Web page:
Despite producing positive phase 3 data for its cancer compound cabozantinib this year, Exelixis
So rather than add to the burn rate by bringing another drug into the clinic, Exelixis has out-licensed its preclinical PI3K-delta program, including the most advanced compound, XL499, to Merck
XL499 trails Gilead Sciences'
The space may be getting crowded, but there appears to be plenty of patients to treat. In addition to blood cancers, PI3K delta inhibitors might also be used to treat inflammatory diseases. While it might seem weird that a drug would treat cancer and something like rheumatoid arthritis, it makes sense because the goal of both treatments is to dial back the immune system. That strategy has already proved to work for inhibitors of other immune-cell proteins. Roche and Biogen Idec's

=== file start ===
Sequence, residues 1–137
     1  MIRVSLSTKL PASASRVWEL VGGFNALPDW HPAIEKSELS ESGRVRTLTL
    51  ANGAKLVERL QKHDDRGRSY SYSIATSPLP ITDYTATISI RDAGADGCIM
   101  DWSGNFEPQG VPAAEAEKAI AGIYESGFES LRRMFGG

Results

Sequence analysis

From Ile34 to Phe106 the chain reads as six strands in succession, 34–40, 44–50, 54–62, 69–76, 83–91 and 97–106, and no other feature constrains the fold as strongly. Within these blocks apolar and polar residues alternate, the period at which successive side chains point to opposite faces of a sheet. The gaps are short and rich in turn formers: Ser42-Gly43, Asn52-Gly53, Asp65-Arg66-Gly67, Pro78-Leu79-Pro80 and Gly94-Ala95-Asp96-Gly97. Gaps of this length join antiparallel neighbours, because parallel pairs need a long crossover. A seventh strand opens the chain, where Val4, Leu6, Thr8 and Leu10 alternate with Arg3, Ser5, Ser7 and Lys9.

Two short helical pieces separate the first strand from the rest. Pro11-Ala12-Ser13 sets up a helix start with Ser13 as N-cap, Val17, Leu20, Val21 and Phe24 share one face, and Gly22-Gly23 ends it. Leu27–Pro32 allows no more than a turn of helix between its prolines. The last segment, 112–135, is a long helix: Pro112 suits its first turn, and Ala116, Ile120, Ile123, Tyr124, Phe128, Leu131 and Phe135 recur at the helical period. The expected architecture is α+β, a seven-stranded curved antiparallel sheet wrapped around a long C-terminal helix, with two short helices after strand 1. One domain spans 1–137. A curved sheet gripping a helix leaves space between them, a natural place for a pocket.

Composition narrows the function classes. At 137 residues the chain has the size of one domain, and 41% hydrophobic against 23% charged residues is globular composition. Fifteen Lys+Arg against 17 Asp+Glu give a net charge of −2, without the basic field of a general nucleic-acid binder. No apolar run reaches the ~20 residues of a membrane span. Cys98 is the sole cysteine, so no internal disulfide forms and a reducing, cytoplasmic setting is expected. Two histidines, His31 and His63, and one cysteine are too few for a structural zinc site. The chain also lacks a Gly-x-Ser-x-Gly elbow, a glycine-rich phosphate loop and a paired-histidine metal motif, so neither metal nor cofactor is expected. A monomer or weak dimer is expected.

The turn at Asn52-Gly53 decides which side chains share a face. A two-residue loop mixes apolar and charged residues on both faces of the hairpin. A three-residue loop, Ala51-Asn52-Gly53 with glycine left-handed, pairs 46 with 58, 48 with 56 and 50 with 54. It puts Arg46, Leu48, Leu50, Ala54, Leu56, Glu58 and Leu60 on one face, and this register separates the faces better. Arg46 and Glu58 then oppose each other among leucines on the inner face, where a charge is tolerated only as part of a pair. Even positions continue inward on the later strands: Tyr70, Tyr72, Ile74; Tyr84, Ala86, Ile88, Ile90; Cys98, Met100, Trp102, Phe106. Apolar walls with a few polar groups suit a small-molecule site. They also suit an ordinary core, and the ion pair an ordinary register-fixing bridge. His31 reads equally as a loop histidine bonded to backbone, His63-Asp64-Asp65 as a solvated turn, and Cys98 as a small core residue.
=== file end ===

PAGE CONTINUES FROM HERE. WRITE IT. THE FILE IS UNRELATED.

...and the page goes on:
Giving up most of the rights to XL499 and the rest of the program will look like a bad move if one of the drugs turns out to be a blockbuster, but given Exelixis' current state, there doesn't seem to be much other choice. Surviving to see your first blockbuster should be goal No. 1.
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Fool contributor Brian Orelli holds no position in any company mentioned. Check out his holdings and a short bio. The Motley Fool owns shares of Exelixis. Motley Fool newsletter services have recommended buying shares of Gilead Sciences and Exelixis. Try any of our Foolish newsletter services free for 30 days. We Fools don't all hold the same opinions, but we all believe that considering a diverse range of insights makes us better investors. The Motley Fool has a disclosure policy.